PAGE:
Shares in Bunzl (LSE: BNZL) have delivered a strong first-half performance, with the outsourcing company easily outperforming the FTSE 100. Indeed, shares in Bunzl are up 9%, while the wider index is currently flat year-to-date. With this in mind, is Bunzl still worth buying at current levels? Or is there better value elsewhere in the sector, such as at Serco (LSE: SRP) and G4S (LSE: GFS)?
In a trading statement released prior to its half-year results, Bunzl said it has met expectations and that it remains on-track to deliver positive underlying revenue growth across all of its divisions. Furthermore, it announced two further acquisitions (of Allshoes and JPLUS), which means that it has spent £95 million on acquisitions already in the current year. It also feels there is more scope for further acquisitions in the second half of the year, too.
Interestingly, despite being on-track to deliver improved revenues across its divisions, Bunzl’s bottom line is not forecast to grow in the current year. This is a slight concern for investors, since shares trade on a price to earnings (P/E) ratio that indicates the stock is very much in growth territory. For example, Bunzl’s P/E is 19.1, which is far higher than the FTSE 100 P/E of 14.1, and indicates that growth is being priced in. Even next year, growth in earnings is set to be only 5%, which is in line with the market and means that the company’s valuation could come under pressure.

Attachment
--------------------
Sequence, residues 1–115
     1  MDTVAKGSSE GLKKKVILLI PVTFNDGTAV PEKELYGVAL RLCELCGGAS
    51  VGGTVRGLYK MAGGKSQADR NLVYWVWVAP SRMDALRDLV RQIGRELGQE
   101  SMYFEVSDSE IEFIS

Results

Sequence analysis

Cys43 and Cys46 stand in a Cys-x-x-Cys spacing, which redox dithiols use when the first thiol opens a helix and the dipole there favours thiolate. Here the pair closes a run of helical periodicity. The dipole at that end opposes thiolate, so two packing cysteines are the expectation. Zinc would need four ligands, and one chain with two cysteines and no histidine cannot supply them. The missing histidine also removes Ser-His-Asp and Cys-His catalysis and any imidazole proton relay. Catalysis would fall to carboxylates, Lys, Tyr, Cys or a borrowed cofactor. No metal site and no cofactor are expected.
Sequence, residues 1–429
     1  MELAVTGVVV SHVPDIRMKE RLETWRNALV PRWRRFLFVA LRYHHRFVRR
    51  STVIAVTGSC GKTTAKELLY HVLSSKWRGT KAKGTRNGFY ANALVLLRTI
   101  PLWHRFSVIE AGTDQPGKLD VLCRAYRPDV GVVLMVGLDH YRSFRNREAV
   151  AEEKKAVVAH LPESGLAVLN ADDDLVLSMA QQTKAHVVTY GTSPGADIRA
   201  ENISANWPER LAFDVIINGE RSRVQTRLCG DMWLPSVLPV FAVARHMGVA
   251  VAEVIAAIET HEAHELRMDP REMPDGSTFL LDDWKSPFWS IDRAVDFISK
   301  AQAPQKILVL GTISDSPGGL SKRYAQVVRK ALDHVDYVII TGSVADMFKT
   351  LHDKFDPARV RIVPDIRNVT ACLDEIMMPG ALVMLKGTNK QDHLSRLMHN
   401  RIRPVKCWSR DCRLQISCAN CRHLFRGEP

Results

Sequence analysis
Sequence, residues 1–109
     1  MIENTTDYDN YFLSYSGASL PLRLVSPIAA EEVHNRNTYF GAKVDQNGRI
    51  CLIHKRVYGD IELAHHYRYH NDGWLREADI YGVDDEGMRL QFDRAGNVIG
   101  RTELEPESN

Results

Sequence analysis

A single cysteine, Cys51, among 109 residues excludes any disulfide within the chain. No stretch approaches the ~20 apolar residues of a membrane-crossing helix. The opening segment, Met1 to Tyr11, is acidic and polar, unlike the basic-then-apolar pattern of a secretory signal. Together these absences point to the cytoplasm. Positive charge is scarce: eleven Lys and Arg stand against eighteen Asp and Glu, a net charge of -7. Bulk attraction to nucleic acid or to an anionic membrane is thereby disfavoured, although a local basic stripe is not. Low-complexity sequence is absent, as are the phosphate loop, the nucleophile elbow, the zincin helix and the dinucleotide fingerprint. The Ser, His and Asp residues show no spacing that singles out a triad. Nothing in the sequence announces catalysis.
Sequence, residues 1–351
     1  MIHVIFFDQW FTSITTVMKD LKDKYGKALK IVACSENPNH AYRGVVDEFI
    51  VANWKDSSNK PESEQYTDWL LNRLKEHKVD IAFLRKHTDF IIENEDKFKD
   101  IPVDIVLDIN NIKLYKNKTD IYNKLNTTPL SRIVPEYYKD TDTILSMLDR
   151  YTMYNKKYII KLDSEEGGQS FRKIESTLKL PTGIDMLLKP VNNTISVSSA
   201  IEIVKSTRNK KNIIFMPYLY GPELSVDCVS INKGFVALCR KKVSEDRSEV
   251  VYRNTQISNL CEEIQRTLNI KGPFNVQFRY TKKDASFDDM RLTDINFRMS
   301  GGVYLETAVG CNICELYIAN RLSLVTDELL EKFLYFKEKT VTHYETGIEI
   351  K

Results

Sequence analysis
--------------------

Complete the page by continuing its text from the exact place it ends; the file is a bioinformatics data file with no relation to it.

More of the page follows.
Of course, the outsourcing sector has been hit hard in recent years by developments at Serco and G4S. They were investigated and forced to repay millions of pounds to the government for errors in their electronic tagging systems. Indeed, earnings have fallen by over 50% at Serco and by one-third at G4S over the last few years, with shares in both companies being highly volatile.
As with Bunzl, both G4S and Serco trade on relatively high P/Es of 17.2 and 18.6 respectively. Although after this year both companies are set to return to relatively attractive levels of growth, the reputational damage of the electronic tagging investigation could take longer to overcome. As such, they could find it challenging to deliver attractive levels of organic growth over the medium term.
So, with all three companies trading on relatively high P/Es, offering only modest growth prospects and (in Serco and G4S’s case) still potentially suffering from reputational damage, the outsourcing sector appears to offer little attraction to investors at present. Due to its relative stability, though, Bunzl seems to be the pick of the three at present.
Peter does not own shares in Bunzl, G4S or Serco.